The quarterly returns season is coming to an end and with almost 70% of the companies on the S&P 500 index (SPX) having reported their earnings, it's time to examine what really matters to investors.
Great emphasis is always placed on the performance of companies in relation to analyst expectations which also seems to influence investors. The emphasis on beating analyst forecasts is possibly very overrated because they might get it wrong for various reasons, one of which could be companies lowering their guidance in order to lower analyst forecasts and thus beat the forecast making investors happy.
Focusing on sales growth is a very good measure which many investors use as a measure of the health of the reporting company. Sales growth should however be measured in terms of growth per share in the event of a dilution of shares having taken place for whatever reason during the period under review. This would include any acquisitions as well as a reduction in the share count as a result of share buy backs.
The situation around Apple stocks is very confusing when taken in the perspective of having beaten the figures in the same period last year, not only in respect of total sales by a big margin, but also in terms of sales per share which showed an increase of 36%, beating analyst forecasts. Earnings per share increased by 45% from $1.28 to $1.85 while a majority of analysts giving it a “buy” rating and a twelve month target consensus price of $146.19, 21% above its current price of around $121.30.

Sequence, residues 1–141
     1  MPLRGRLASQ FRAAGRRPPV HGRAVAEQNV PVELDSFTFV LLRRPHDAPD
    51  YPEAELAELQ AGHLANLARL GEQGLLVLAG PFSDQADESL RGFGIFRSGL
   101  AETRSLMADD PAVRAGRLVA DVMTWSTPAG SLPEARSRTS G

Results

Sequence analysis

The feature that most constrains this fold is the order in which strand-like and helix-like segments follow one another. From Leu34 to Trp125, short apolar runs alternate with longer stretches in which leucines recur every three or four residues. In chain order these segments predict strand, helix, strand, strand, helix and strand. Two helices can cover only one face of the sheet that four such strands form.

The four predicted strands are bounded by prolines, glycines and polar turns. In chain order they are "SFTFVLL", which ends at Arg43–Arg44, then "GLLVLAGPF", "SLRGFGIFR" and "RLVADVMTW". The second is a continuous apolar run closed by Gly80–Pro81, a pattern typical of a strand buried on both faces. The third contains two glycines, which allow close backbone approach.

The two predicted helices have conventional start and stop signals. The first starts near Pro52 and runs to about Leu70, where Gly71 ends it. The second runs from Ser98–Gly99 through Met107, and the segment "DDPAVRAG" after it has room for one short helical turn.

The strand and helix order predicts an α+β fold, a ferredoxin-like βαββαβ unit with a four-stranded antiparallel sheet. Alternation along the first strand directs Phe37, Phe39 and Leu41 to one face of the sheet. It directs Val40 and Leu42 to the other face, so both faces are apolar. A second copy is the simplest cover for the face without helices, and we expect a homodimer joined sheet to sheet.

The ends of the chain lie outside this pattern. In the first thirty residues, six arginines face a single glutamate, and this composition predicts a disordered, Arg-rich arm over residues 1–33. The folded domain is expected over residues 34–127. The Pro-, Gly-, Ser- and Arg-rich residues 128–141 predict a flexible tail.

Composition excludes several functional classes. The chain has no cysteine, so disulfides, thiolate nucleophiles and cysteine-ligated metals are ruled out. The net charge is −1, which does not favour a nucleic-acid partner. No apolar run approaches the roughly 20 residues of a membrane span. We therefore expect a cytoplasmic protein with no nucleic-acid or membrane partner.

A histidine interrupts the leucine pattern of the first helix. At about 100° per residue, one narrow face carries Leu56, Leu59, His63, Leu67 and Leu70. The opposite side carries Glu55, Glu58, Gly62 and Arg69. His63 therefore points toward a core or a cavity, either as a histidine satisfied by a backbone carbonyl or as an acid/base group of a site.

Despite all these positives, Apple shares have been on a downward slide since the release of its quarterly report on 21 July. Investor sentiment shows that despite good figures and a guidance indicating further growth, indications are that they are not happy with Apple.
Goldman Sachs Group Inc. on the other hand delivered unimpressive returns as a result of a big increase in the contingency for legal costs, but still enjoys far greater investment support than Apple.
Some of the companies with the quickest quarterly sales per share on the SPX include D.R. Horton Inc. (DHI, -1.72%), Apple Inc. (AAPL, -0.55%), Gilead Sciences Inc. (GILD, +0.47%), Goldman Sachs Group Inc. (GS, +0.71%) and Facebook Inc. Class A (FB, +0.94%).